'The woman who smashed codes' discussion in Wilton

The Wilton Historical Society reading group will be discussing “The Woman Who Smashed Codes: A True Story of Love, Spies, and the Unlikely Heroine Who Outwitted America’s Enemies” by Jason Fagone, a national bestseller and NPR Best Book of the Year.

The discussion will take place on Thursday, Feb. 13, from 12:30-1:30 p.m.

Joining the ranks of “Hidden Figures” and “In the Garden of Beasts,” the book tells the true story of the greatest codebreaking duo that ever lived: an American woman and her husband who invented the modern science of cryptology and used it to solve puzzles that unmasked Nazi spies and helped win World War II, an announcement said.

The book tells the story of Shakespeare expert Elizebeth Smith, who in 1916, at the height of World War I, went to work for an eccentric tycoon on his estate outside Chicago. The tycoon had close ties to the U.S. government, and he soon asked Smith to apply her language skills to an exciting new venture: code-breaking. There she met the man who would become her husband, groundbreaking cryptologist William Friedman.

Fagone chronicles Smith, who played an integral role in U.S. history for 40 years, the announcement said. After World War I, Smith used her talents to catch gangsters and smugglers during Prohibition, then accepted a covert mission to discover and expose Nazi spy rings that were spreading across South America, advancing closer to the United States. As World War II raged, Smith cracked multiple versions of the Enigma machine used by German spies. Meanwhile, inside an Army vault in Washington, Friedman worked to break Purple, the Japanese version of Enigma — and eventually succeeded, at a terrible cost to his personal life, the announcement said.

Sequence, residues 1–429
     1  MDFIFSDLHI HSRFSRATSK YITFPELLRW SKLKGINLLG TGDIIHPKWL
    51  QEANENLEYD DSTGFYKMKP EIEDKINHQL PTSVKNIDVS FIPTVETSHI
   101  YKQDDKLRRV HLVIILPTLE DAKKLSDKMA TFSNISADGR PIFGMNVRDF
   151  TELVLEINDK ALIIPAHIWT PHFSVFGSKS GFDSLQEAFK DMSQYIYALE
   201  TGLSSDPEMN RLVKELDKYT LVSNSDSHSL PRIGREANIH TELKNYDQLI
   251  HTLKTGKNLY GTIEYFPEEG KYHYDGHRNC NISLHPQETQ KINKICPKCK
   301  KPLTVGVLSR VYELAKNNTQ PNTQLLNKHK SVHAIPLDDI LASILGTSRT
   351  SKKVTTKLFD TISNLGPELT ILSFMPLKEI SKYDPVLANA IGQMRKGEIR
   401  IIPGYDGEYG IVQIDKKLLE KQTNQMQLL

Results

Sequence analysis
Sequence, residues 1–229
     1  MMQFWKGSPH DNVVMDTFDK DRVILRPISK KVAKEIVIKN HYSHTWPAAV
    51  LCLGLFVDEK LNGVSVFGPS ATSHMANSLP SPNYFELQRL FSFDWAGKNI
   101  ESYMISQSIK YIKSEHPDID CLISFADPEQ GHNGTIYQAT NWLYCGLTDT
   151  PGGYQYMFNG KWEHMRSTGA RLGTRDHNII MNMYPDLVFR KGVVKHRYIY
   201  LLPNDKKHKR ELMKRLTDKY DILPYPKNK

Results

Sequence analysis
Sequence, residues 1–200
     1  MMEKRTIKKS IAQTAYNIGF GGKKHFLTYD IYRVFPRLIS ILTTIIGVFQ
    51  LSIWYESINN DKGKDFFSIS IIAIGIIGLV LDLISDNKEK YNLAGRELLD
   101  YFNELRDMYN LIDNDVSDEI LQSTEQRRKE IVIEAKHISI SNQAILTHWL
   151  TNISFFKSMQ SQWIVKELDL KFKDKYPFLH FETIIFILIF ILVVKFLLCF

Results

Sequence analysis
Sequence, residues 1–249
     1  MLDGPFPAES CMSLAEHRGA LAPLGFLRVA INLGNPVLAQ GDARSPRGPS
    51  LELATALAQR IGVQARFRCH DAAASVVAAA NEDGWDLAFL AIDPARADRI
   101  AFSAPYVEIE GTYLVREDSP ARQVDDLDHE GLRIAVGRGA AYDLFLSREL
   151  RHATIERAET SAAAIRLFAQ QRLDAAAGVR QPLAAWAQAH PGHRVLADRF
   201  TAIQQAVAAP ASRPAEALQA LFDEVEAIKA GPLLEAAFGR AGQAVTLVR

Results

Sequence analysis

Participants at the book discussion are asked to bring a brown bag lunch. The society provides a beverage and dessert. There is no charge. To register, use the email info@wiltonhistorical.org or call 203-762-7257.

The Wilton Historical Society is located at 224 Danbury Road. Visit wiltonhistorical.org for more information.